was at a loss to know what a clergyman had to do with auditing accounts.

The Chancellor of the Exchequer

said, that the gentleman in question had been extremely useful in the formation of the institution.

Sir John Newport

observed, that this clergyman, in addition to being auditor of the institution, Was also auditor of the accounts of the non-resident clergy, being himself the incumbent of two livings in Ireland, on which he never resided.

Mr. Arbuthnot

said, that the gentleman had lost his livings in Ireland by attending to his duty as auditor of accounts.

Mr. Fitzgerald

stated, that Dr. Clarke had ceased to possess the benefit of his Irish livings.

Mr. Whitbread

thought that 300l. a year, with a residence, coals, candles, &c. was too much for the auditor. He was quite sure a salary of 100l. a year, without perquisites, would be deemed amply sufficient by a competent person. Why was there a governor with 760l. a year? Indeed, from the beginning to the end, from the governor to the 50l. a year barber, all appeared to him a job.

Mr. Croker

said, the governor was selected from the list of meritorious naval captains, and the emoluments were not greater than his pay, if on actual service. The auditor was the only person not selected from those who had served in the navy. So far as he was acquainted with the Society; (and from his situation, he was a governor,) he denied it was a job. It was a fair provision for meritorious naval characters, and at the same time a useful asylum for the children of seamen. He was willing to admit that the institution was objectionable, from the admission to it being so general, he having a strong dislike to see the children of officers on the same level with those of common sailors, in the system of their education. With reference to the duties of the auditor, they embraced the inspection of larger sums than the 25,000l. in the estimates. The present auditor was also one of the founders of the institution.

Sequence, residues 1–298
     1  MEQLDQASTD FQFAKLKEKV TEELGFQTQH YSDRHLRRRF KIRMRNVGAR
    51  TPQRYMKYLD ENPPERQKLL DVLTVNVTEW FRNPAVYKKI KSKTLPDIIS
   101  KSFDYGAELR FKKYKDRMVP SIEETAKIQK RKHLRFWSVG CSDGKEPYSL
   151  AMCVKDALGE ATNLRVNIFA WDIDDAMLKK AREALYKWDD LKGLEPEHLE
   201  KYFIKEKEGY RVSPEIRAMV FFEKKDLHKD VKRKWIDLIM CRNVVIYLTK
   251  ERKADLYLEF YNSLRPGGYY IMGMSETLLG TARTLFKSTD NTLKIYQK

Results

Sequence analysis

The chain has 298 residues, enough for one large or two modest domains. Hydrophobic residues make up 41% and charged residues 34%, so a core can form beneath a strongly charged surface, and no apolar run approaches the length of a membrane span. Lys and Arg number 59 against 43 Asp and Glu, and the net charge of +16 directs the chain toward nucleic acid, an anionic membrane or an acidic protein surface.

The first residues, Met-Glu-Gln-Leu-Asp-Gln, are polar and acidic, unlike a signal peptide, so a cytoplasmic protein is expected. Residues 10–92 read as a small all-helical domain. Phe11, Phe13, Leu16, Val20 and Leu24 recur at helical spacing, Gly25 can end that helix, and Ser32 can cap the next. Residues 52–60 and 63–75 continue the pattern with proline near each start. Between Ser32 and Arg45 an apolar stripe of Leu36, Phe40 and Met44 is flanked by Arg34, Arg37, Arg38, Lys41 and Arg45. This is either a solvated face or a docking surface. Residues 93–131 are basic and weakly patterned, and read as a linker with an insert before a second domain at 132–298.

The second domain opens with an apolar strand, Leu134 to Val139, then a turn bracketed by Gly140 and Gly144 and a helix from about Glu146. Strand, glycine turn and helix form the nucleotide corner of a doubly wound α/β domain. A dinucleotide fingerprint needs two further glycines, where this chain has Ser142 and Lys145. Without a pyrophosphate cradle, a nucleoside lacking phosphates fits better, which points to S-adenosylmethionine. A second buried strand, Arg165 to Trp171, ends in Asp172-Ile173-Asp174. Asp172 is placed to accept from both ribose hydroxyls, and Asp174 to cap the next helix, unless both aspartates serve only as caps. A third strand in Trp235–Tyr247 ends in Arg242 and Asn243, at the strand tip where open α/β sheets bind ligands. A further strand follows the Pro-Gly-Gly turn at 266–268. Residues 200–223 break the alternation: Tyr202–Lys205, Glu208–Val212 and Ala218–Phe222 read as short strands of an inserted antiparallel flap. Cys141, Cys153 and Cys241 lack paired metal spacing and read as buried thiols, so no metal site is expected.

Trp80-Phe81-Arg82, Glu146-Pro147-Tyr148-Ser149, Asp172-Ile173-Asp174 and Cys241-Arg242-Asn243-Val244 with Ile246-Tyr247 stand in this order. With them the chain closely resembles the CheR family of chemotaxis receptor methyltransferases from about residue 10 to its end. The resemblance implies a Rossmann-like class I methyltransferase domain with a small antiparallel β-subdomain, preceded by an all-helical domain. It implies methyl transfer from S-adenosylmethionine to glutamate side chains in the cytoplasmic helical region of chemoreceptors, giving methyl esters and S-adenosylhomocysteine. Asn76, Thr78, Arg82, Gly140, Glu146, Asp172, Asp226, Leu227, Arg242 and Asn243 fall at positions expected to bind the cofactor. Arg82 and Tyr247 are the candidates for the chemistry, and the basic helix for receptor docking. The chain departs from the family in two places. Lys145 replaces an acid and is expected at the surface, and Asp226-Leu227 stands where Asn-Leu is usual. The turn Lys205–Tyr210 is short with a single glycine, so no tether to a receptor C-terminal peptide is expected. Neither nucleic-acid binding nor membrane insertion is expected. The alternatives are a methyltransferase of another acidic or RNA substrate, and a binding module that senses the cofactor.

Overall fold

Mr. Whitbread